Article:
By Anthony Salvanto, Jennifer De Pinto, Sarah Dutton, Fred Backus and Kabir Khana
Hillary Clinton holds a three-point lead over Donald Trump in Florida, while in Texas – a state that has voted Republican by wide margins in recent years – Trump leads by a mere three points.
The poll numbers show voters’ frustration about the dialogue in the race – and what may amount to a wasted opportunity for both. Sixty-nine percent feel Donald Trump is talking about things that he, himself cares about, while fewer, 46 percent say he’s talking about issues they care about. Clinton has much the same gap.
And on one of those big topics Trump is talking about of late, Republicans in both places overwhelmingly echo. They back him on the suggestion – raised at the debate this week and elsewhere – that he might not accept the outcome. More than eight in ten Florida and Texas Republicans and believe that fraud is widespread, and more than eight in ten of those who say there is fraud believe that without it, Donald Trump would win the presidency. So in total, 72 percent of all Florida Republicans believe Trump would win in November were it not for fraud.
Sixty percent of all voters think both candidates should pledge to accept the results of the election, but fewer than half of Florida’s Republicans (42 percent) and only 31 percent of Trump’s supporters say so. Seventy-two percent of Trump voters and 60 percent of Republicans say Trump is “acting within his rights as a candidate” by, while 39 percent of voters overall feel Trump is “undermining a U.S. tradition” by doing so.
Taken in context, findings such as these bring to mind survey results elsewhere showing a general loss of faith in many established institutions. And voters – particularly those looking for change this year – have in polling throughout the season expressed doubts about the fairness of the economic system generally and have repeatedly said they felt the political system, as a whole, favors only a few.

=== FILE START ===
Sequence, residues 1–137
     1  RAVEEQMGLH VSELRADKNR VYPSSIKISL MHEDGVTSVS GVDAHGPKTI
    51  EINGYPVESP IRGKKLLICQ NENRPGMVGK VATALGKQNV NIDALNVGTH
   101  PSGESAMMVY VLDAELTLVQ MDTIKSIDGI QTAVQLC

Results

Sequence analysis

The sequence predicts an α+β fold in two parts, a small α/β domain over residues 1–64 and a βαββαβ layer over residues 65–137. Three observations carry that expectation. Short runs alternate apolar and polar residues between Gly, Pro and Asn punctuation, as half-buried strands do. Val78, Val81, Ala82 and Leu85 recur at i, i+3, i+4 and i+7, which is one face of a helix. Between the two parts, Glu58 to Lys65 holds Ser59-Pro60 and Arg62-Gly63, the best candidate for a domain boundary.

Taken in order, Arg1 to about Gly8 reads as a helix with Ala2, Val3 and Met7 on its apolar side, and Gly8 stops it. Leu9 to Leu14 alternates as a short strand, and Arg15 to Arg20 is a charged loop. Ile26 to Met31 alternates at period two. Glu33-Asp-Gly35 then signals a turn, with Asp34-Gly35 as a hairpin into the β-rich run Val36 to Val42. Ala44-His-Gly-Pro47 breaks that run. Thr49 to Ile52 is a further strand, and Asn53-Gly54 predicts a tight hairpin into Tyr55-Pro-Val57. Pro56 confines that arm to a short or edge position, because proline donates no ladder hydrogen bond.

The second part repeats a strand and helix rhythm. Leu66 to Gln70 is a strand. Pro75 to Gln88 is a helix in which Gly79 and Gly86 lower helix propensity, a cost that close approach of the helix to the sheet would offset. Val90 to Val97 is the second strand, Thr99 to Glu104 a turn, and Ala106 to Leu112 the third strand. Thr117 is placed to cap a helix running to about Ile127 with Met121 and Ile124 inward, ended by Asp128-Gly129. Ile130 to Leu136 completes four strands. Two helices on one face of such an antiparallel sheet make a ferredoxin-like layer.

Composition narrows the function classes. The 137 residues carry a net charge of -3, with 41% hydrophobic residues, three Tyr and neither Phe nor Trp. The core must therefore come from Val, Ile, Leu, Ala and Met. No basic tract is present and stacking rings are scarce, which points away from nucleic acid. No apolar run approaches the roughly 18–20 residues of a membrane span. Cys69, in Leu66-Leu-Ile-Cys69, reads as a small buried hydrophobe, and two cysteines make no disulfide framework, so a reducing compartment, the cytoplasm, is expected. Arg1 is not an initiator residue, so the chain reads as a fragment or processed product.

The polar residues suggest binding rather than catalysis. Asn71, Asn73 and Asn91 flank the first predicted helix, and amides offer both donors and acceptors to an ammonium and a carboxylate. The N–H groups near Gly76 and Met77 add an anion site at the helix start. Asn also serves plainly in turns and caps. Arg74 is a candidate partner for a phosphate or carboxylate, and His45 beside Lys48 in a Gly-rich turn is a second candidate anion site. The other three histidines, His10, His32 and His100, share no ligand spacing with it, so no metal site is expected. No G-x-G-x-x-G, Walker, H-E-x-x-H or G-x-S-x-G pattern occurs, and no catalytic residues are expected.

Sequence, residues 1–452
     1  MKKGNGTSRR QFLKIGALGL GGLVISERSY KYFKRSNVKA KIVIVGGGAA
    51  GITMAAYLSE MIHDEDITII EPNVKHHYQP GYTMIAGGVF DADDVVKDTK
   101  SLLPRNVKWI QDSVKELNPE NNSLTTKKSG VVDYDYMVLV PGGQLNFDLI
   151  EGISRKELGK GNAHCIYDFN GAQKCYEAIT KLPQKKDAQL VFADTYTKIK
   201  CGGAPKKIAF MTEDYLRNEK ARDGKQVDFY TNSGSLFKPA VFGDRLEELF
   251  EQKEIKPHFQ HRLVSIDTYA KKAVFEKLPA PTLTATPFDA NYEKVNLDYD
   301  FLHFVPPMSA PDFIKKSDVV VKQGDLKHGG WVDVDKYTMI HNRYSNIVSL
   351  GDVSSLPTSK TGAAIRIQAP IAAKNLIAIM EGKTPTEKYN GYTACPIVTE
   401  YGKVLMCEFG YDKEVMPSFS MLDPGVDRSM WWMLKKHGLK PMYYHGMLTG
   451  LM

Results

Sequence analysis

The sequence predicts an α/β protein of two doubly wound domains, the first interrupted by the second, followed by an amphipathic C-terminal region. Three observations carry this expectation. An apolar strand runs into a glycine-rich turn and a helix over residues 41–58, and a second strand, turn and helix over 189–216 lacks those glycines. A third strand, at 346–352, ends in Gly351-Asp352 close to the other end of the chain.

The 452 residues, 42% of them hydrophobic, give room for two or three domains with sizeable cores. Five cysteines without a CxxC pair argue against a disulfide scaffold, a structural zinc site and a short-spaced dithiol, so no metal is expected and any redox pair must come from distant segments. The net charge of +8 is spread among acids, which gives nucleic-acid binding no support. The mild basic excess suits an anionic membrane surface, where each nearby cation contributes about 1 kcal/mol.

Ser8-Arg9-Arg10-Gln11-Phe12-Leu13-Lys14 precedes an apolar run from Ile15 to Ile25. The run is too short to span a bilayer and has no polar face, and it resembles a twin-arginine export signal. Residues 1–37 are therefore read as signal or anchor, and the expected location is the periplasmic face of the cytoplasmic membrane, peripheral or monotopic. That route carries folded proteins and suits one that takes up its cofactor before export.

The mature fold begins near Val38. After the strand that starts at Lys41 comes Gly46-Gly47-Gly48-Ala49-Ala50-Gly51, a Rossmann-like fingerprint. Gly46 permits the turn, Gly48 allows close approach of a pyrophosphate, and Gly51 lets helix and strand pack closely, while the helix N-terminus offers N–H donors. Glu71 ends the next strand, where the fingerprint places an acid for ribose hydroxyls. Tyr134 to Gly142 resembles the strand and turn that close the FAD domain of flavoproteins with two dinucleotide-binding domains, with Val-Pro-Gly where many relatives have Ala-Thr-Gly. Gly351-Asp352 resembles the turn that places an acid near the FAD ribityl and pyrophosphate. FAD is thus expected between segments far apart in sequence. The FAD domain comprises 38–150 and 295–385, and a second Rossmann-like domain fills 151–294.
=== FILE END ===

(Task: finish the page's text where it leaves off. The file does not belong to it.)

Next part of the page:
Hillary Clinton, whom many voters said won the debate this week, has not persuaded Florida voters on key items such as her ability to fix the economy or that she understands regular people – fewer than half say she can or does. Only 37 percent feel she has explained the. She is below the 50 percent mark on whether she would “act with integrity” as president (49 percent say so). Clinton also fails to hit the 50 percent mark on whether she “understands regular people” (44 percent) and on the question of whether she “could fix the economy” (42 percent).
However, while 53 percent see Clinton as a risky choice, 66 percent see Trump as risky, and that relative difference looks like much of the real difference in the race.
The other key difference is that Clinton benefits from the strong support of her party, stronger than what Trump is getting from his party. Trump has the backing of 82 percent of Republicans, but that seemingly-high number isn’t enough to match Clinton’s 91 percent support with Democrats. That’s a disparity that has weighed on Trump throughout this race in Florida and other states. It is also part of the closer gap in Texas.